traordinary facility for putting himself In
the minority.
A Frost for Klckere.
New York Tribune.
The senate by conferring the unusual
honor of an Immediate and unanimous con
firmation upon Governor Hughes on the
very day when the Anti-Trust league filed
its objections showed how much It was Im
pressed by those objection.
( ' .
' Get on the Bright, Side.
Cleveland Plain Dealer.
Borne people are worried because Colonel
Roosevelt Is scheduled to arrive In New
York on the anniversary of the battle of
Waterloo. But this doesn't mean anything.
It must be remembered that Wellington as
well as Napoleon was at Waterloo.
I) ucketahops Hard lilt.
Philadelphia Record.
When the government arrested the prin
cipal bucket shop operators It struck a
heavy blow at amall gambling In grain and
stocks. When it cut the wires it put an
end to the business. Managers might be
replaced, but those '"fast wires" that gave
Information of what was going on in the
stock exchange from 'five to fifteen min
utes before the tardy ticker did cannot be
replaced. Without them there is no
bucket shop business.
PERSONAL AND OTHERWISE.
Former President Nord Alexis of Haiti
Is said to have died of grief. Obituaries
give the impression that his 90 years of
tige and no one to boss helped some.
It Is the solemn opinion of a Nsw York
court, three time expressed, that the town
of Mattewan affords superior attractions as
a winter and summer resort for Pitts-
burgers streaked with yellow.
'The misfortune of Judge Grosscup in
mixing his letter of credit with his laun
dry at Monte Carlo suggests to the con
stitution makers of Monaco, the need of a
provision guaranteeing travel money cafe
conduct through the wash. ,
The governor of Tennessee has a pardon
record of 956 made In three years and two
months. So deep-rooted Is the habit that
should a caller at the excutlve mansion ex
claim, "Pardon me!" the governor mechani
cally answers, "Certainly, what was it
you did?"
The attorney general of Kansas gallantly
leaps to the rtscue of the oppressed old
girls of the "bleeding commonwealth" by
deciding that there is nothing in the laws
of the state to prevent women wearing
trousers ir tliey.want to. Mans last en
trenchment Is woefully bagged at the
knees.
Our Birthday Book
May 8, 1910.
General P. 11. itay, warrior and Indian
fighter, w&s born May 8, 1812. He la a na
tive of Wisconsin and is well known in
Omaha, wher he was connected with mili
tary headquarters on the department staff.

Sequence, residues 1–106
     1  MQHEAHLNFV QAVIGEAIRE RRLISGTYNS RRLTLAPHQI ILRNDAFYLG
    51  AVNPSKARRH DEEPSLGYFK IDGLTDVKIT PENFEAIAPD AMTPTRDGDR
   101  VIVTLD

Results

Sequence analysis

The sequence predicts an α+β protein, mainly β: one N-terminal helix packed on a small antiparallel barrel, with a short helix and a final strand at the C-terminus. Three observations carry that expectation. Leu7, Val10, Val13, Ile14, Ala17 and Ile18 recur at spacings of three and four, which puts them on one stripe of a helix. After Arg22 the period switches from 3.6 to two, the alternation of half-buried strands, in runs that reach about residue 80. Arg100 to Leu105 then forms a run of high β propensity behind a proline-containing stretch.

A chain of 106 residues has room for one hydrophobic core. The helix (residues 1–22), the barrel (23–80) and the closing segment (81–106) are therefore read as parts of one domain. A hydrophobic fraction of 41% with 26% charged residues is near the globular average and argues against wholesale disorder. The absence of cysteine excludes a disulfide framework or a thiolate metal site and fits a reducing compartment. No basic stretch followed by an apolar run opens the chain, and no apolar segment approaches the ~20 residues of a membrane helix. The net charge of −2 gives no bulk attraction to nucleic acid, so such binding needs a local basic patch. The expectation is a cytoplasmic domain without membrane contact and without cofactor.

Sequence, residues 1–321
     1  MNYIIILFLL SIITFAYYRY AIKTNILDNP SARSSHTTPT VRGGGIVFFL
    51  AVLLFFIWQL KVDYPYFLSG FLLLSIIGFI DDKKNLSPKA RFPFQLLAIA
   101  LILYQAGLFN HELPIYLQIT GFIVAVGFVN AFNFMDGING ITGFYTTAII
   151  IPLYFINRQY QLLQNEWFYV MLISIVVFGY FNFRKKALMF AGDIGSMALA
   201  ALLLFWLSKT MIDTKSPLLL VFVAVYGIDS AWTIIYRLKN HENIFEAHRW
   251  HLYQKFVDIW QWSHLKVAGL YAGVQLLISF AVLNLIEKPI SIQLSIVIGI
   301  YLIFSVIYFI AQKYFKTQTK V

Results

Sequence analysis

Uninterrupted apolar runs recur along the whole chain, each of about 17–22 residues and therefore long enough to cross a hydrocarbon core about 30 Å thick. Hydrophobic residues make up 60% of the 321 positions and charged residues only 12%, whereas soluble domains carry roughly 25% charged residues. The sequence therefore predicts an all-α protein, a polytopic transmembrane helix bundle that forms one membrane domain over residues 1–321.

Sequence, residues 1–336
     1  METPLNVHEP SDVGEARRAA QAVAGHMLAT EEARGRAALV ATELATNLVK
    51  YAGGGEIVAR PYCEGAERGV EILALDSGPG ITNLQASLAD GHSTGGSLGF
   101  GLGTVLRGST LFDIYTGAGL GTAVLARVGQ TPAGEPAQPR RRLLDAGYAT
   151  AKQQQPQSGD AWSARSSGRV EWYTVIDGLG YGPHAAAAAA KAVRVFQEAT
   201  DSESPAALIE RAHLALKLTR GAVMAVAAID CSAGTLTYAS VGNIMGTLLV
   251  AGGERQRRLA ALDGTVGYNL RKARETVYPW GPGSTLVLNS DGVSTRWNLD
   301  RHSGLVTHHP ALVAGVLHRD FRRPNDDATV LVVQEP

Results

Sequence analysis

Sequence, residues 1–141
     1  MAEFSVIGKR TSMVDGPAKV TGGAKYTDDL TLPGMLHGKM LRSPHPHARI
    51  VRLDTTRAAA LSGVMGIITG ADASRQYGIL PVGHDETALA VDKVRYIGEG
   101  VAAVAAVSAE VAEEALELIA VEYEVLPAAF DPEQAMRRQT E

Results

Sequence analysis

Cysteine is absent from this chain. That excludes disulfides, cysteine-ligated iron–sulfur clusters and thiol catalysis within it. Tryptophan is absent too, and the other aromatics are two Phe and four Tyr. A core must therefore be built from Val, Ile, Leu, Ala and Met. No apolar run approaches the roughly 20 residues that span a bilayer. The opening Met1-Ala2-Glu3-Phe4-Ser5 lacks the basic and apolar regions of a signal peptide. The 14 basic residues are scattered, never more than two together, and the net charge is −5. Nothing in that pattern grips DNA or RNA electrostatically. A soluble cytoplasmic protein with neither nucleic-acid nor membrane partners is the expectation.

Frank G. Carpenter, writer of letters of
travel, globe trotter and sometimes lec
turer, Is Just C6. He was born in Mansfield,
Ohio, and started out as a newspaper man,
becoming a Washington correspondent, and
built up his own epeoialty as a descriptive
writer of foreign travel. His weekly let
ters have been for many years one of the
attractive features of The Bee.
' William M. Davidson, superintendent of
the Omaha public schools, celebrates his
forty-seventh birthday today. He was born
at Jamestown, Pa., educated In Kansas,
graduating from the state normal and the
Kansas State university, and has been
given honorary degrees by the University
of Nebraska and Miami university. Dr.
Davidson has been In school work for
nearly twenty-five years, coming to Omaha
In 1890 from Topeka.
C. H. Balllott, practicing attorney, was
born May 8. 1843, In Crawford county, Penn
sylvania. II was educated In Knox col
lege and Wheaton college and began prac
ticing law In 1867 at Belvldere. III.
Thomas J. Flynn, street commistioner of
Omaha, Is an even 40. H Is a plumber by
trad and said to ba a good plumber, but
has been laying political pipes for a long
time In various official capacities, Includ
ing member of the legislature, county Jailer
and hts present Job, to say nothing of head
ing th local democratic campaign com
mittees. WU1 A. Campbell of the Commercial
club's bureau of publicity and promotion
wi born May 8, 1881, at Seward, Neb. He
started out In the newspaper business at
Denver and worked on a number of papers,
coming t The Bee from th Kloux City
Tribune and taking his present place last
year.
Alonxo B. Hunt, superintendent of the
Omaha Water company, la 57 today. He Is
a civil and hydraullo engineer by profes
sion and has been conneoted with tha water
company almost' from Its Inception.
f
All Omaha and few cities in the west
for that matter docs not offer another
such a delightful exhibition of - -
Gifts for Fair Brides
and 1910 Graduates
IN BTBBZ.XRO WARES for brides' gifts, I advise the purchase of,
and carry a comprehensive array of, the world' finest production i,
namely i "aorham's," "Towle's," Whiting's" and "Durgfua."
IW CHB8TS or BTXMWO Z show tha "Chantllly" pattern In Oor
bam Silver, and the ''LaTayette" pattern in Towles' make.
n CUT GLASS x make the moat of Hawka'a superbly desig-ne'd and
inimitably out pieces quit the most exquisite produced.
Uf OBASUATTOIT OITTS for girl, X suggest that you th hand
some diamond rirga X offer at S35. These are really select white
stone worth $60 offered at this price a a "flyer." Or, if you
should prefer a chatelaine watch for the younr lady, see what I
bare to offer in the way of a solid gold time pleoe with olid gold
5 -.tLS'iT-J11 w.tcn wlth PrkIlng gem of a diamond.
A Virtual $35.00 outfit at $33.00.
??-.?.IiI5ATI?, GITTS for a young- man one could not secure
SSIL r,i? lm,1y' more genuinely serviceable than the
!2i?2,0 if.U1J,d offered by me this week at $18.00 And,
" f 5P W Inducement thi week only, x will include fr with each
watob sold, a superb gold filled ohaln.
MANBELBER.G
1522 Farnam Street
SERMONS BOILED DOWN.
Love enlarges the limits of life.
You can know true faith by Its foresight.